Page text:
In this case, the overlap is to equalise the amount of salt so that the salt in the brine is the same as the amount of salt in the cucumber. Because of these two processes, it means that each bite of cucumber will have 1.5% salt and each spoon of brine will also have 1.5% salt.
You can test this by mixing 1,5g of salt into 100g(ml) of water, mixing it and tasting it. It is the perfect level of saltiness.
The simplest way to explain the difference between the two, for our purpose, is like this:
Diffusion is responsible for the salt being equally spread out in our brine while osmosis enables the salt to enter the cells of the cucumbers. The difference between these two are that diffusion does not happen through a semi-permeable membrane while, osmosis does.
So, basically the one process depends on the other. If diffusion did not happen then the salt would not evenly spread in the water and no osmosis would take place. If osmosis did not happen then the cucumbers will never get fermented.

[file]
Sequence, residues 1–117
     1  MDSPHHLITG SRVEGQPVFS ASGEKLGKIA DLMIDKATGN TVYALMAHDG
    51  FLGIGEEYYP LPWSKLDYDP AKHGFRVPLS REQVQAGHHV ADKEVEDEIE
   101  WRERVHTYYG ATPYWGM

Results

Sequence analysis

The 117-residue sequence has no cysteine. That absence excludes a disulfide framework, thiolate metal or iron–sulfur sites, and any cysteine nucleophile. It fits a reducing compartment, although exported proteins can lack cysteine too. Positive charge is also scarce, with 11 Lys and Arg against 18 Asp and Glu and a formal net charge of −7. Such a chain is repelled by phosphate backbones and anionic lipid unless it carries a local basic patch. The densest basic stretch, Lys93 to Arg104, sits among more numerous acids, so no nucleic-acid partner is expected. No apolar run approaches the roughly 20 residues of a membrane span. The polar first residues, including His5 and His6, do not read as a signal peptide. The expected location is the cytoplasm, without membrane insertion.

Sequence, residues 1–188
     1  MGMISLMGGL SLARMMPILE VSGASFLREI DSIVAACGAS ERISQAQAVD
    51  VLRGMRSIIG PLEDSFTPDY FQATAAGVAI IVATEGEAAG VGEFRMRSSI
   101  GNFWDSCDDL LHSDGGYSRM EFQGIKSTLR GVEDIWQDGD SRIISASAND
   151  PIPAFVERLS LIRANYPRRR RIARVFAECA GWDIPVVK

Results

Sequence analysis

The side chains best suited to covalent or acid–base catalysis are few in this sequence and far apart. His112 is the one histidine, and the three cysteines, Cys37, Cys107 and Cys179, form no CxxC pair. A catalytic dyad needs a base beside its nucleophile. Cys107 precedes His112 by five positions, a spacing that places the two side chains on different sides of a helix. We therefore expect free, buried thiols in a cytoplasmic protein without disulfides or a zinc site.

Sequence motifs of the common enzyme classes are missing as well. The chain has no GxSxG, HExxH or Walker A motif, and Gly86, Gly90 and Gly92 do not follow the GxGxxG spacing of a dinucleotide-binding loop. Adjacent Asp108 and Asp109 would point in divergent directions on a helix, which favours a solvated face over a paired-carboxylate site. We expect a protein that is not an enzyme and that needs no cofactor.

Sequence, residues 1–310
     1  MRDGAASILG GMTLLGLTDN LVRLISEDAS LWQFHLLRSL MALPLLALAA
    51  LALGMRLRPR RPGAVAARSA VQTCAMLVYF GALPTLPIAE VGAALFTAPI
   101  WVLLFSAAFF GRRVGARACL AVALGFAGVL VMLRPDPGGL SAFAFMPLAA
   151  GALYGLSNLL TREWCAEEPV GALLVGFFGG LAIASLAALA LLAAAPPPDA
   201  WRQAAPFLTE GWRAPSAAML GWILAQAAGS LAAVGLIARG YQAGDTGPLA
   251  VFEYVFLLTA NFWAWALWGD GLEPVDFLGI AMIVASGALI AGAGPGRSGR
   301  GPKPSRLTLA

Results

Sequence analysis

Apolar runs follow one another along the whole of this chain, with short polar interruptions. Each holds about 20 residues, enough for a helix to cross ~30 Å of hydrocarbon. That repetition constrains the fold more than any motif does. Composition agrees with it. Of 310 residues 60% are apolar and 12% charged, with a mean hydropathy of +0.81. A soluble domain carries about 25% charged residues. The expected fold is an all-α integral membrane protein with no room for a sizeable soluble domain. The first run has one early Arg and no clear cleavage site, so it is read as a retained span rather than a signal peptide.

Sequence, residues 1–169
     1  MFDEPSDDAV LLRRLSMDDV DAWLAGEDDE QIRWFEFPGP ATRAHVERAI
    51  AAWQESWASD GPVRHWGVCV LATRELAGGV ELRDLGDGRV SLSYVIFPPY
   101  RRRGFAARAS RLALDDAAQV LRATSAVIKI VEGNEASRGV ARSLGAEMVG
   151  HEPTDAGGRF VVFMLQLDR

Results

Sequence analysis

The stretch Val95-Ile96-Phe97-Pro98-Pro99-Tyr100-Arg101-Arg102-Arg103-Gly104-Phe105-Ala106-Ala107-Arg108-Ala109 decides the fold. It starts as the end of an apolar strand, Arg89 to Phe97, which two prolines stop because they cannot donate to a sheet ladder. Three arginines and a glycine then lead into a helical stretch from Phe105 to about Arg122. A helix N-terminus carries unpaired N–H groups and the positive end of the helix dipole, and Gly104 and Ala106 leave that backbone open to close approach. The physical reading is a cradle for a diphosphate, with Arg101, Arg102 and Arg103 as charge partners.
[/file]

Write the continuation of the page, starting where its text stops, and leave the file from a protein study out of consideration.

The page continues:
The process comes full circle.
Make sure you have a nice big fermentation vessel or container before you start. Use weighing scales as it’s more accurate than spoons, cups, handfuls and all those other weird ways of weighing ingredients.
Although, If you are not ready to switch yet, I do include those measurements in this recipe too.
With fermentation, what you put in, is what you get out. In a sense that, your ingredients need to be of the best quality. Fermentation won’t bring dead ingredients back to life and works best when the ingredients are super fresh.
- Cucumbers – Use fresh, crisp and preferably seasonal medium-sized cucumbers about 10cm or 5 inches long and 3-4cm or 1,5 inches in diameter.
- Water – Good quality clean drinkable water.